Using DNA evidence, MBTA Transit Police have arrested a Maryland man for an alleged sexual assault on a woman on the Green Line in 2004—two years after he allegedly committed a similar offense on the Metro system in the Washington, D.C., area.
Timothy L. Day pleaded not guilty at his arraignment today in Suffolk Superior Court to a single count of indecent assault and battery on a 23-year-old woman from Boston on June 22, 2004.
Bail was set at $1,500 cash for the 52-year-old Day, who was a consulting economist with a Washington firm prior to his arrest. Day lives in Bethesda, Md., officials said.
According to Lewis Best, deputy transit police chief, the woman boarded a crowded B Line outbound trolley on a day that the Red Sox were playing at Fenway Park.
Day allegedly boarded the same train at Copley Square station and positioned himself behind the woman as the train progressed towards Kenmore Square, Best said. During the ride, Day allegedly touched himself inappropriately and also touched the woman, Best said.
As the woman exited the train, she discovered biological material on the exterior of her purse and her pants, Best said. According to prosecutors, the woman tossed the purse in the trash and washed her stained clothes
However, transit police recovered the purse from the trash and handed it over to the Boston police department crime lab in 2004 where technicians were able to build a genetic profile of the assailant, authorities said.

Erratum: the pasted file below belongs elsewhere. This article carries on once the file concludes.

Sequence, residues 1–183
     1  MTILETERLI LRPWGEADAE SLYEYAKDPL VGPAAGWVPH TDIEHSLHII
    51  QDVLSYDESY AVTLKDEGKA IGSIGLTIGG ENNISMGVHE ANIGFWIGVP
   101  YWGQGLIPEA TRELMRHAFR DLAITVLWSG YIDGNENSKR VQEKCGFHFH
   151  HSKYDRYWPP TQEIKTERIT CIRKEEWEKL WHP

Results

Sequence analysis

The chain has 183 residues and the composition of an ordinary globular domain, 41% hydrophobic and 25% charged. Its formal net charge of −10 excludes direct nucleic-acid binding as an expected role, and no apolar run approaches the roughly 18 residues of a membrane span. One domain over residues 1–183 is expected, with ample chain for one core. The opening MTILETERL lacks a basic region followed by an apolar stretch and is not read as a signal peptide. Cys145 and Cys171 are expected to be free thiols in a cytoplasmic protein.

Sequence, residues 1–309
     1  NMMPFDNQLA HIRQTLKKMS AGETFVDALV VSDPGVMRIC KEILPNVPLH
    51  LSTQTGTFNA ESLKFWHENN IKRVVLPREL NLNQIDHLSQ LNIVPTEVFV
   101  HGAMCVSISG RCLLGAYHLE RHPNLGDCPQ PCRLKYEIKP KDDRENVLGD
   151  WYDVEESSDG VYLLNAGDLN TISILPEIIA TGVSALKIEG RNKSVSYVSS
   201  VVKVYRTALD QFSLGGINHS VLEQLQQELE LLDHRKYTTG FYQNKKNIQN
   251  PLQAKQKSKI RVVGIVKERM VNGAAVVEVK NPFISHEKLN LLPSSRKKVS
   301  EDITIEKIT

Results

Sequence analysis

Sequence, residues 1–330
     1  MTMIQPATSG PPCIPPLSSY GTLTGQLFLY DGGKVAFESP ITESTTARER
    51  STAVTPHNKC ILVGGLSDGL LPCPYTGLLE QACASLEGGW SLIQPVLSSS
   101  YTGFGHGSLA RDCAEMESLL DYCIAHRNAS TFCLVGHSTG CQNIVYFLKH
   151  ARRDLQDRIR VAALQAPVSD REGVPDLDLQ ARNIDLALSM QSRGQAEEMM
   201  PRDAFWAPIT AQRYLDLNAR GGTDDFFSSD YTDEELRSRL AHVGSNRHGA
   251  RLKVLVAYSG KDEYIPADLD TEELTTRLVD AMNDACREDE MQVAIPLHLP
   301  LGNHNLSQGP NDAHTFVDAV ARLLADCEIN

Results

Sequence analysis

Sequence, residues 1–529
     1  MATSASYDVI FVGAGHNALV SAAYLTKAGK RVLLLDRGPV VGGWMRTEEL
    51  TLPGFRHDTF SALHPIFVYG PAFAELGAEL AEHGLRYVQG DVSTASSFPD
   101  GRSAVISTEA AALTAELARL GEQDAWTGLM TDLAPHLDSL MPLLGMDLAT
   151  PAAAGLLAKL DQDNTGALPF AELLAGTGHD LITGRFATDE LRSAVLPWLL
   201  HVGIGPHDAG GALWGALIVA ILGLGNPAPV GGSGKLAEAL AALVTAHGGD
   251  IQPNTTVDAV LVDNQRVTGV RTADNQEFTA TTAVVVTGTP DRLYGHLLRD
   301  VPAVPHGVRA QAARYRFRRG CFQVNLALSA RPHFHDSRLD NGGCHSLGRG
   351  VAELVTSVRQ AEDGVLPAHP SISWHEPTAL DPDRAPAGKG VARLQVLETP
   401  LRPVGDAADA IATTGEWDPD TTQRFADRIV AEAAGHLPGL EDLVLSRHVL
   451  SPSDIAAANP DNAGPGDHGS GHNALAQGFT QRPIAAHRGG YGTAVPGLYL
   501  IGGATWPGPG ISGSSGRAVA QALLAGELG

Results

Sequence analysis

In November 2004, transit police obtained an arrest warrant for “John Doe.’’
Police developed a DNA profile of the assailant and discovered that it matched the genetic profile of a man who had committed a similar offense on the Metro transit system in 2002 while a train was traveling through Arlington, Va., outside Washington.
It wasn’t until 2011 that Day was linked to the MBTA incident when the John Doe profile from 2004 matched a profile for Day that had been entered into a national DNA database by federal law enforcement, Suffolk prosecutors said. It was not immediately clear why federal authorities had entered Day’s information into that database.
Working with Suffolk District Attorney Daniel F. Conley’s office, transit police and prosecutors recently collected genetic material from Day. It matched the evidence collected in 2004, Best said.
Day was arrested in Maryland May 15 and surrendered to transit police today prior to his arraignment.
“This is a disturbing incident,’’ Best said. “The message is clear that this type of criminal behavior will not be tolerated. We will use whatever means to identify, apprehend and prosecute individuals that engage in this type of criminal behavior.’’
He added, “It may take a while … but we will eventually get a match.’’
While officials say the DNA evidence collected from the 2002 assault allegedly matches Day, Arlington County Commonwealth’s Attorney Theophani Stamos said Monday her office would not prosecute Day.
Stamos said the incident on the Metro was legally considered a misdemeanor and that under Virginia law, misdemeanors have a one-year statute of limitations.